SCC Democracy Days, Sept. 14-17.

Contact Information:

Rachel McShane
mcshane@stchas.edu
636-922-8350

The Role of Higher Education in Promoting Democratic Principles and Social Justice

SCC President Ron Chesbrough and faculty panelists discuss higher education as a vehicle of inculcation of small ‘d’ democratic principles and as a promoter of social justice.

The panelists include Mitch Harden, assistant professor of psychology, Vicky Herbel, associate professor of sociology, Grace Moser, assistant professor of history, Ron Pettus, associate professor of history, and Isaac Ruedin, professor of philosophy.

SCC Democracy Days, Sept. 14-17.

Contact Information:

Michael Kuelker
mkuelker@stchas.edu

Obamacare Two Years Later

It has been two years since the Affordable Care Act was first implemented. Paul Roesler, professor of political science, discusses how the law made it through Congress and its successes and failures. Roesler will conclude with a discussion of “where we go from here,” including possible changes that could improve the law, and leave plenty of time for questions and comments.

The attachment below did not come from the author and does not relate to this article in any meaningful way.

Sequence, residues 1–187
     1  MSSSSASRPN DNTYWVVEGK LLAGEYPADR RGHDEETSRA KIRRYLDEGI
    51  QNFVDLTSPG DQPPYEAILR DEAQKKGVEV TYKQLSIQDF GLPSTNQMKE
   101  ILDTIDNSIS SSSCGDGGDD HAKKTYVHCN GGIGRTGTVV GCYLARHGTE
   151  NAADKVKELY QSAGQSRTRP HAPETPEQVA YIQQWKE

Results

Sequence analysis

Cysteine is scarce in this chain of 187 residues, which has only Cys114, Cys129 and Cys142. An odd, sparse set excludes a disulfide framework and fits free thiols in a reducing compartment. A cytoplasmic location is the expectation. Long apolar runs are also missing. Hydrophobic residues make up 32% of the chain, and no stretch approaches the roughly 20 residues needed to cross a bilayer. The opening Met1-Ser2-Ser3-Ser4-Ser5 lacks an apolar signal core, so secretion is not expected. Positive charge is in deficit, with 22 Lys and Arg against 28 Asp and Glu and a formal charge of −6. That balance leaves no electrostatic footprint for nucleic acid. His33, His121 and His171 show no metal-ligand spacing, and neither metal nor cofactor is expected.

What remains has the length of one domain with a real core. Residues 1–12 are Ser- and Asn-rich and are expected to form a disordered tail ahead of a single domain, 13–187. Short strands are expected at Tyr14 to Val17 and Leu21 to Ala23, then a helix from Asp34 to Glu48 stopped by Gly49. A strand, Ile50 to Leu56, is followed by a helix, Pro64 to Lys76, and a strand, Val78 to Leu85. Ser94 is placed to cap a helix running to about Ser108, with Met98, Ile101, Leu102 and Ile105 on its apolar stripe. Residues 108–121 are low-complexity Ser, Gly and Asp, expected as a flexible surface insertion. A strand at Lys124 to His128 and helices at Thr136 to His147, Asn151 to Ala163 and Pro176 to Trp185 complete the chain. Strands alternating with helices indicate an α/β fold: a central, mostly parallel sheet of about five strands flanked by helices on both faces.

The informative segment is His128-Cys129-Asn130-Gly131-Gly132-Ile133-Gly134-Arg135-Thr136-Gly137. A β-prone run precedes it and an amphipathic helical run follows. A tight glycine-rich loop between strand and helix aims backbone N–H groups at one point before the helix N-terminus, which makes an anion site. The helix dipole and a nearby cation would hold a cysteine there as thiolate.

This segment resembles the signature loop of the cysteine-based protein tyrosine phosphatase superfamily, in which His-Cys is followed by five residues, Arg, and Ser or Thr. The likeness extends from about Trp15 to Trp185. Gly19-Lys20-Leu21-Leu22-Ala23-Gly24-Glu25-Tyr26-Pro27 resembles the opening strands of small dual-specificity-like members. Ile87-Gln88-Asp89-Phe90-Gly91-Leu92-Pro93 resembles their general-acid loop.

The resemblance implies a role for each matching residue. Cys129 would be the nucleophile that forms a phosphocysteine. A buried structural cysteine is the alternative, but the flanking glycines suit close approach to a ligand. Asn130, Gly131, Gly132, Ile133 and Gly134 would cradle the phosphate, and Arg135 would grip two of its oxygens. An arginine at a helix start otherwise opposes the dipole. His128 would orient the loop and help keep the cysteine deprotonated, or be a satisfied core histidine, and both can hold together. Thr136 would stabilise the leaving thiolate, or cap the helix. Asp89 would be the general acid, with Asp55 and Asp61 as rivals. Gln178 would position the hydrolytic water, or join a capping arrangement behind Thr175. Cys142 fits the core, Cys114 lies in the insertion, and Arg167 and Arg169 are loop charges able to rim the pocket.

SCC Democracy Days, Sept. 14-17.

Contact Information:

Michael Kuelker
mkuelker@stchas.edu

Magna Carta – An 800-Year Anniversary Presentation

This year marks the 800th anniversary of the Magna Carta, but it is hard to say who is more excited about this: the British or the Americans. This seminal document is looked upon as a cornerstone of America’s system of justice.

Debra Crank-Lewis, professor of history, will look at the document’s origins in and impact on Britain and will then explore how this document has affected America and the notion of governmental authority and individual liberty.

SCC Democracy Days, Sept. 14-17.

Contact Information:

Debra Crank-Lewis
dcrank-lewis@stchas.edu
636-922-8324

Selma: A Panel Discussion

Is history repeating itself? Many have drawn comparisons between the modern protest movement surrounding the deaths of Michael Brown, Tamir Rice, Freddy Gray, Eric Garner and the events of the civil rights movement. The film Selma really drives the similarities home.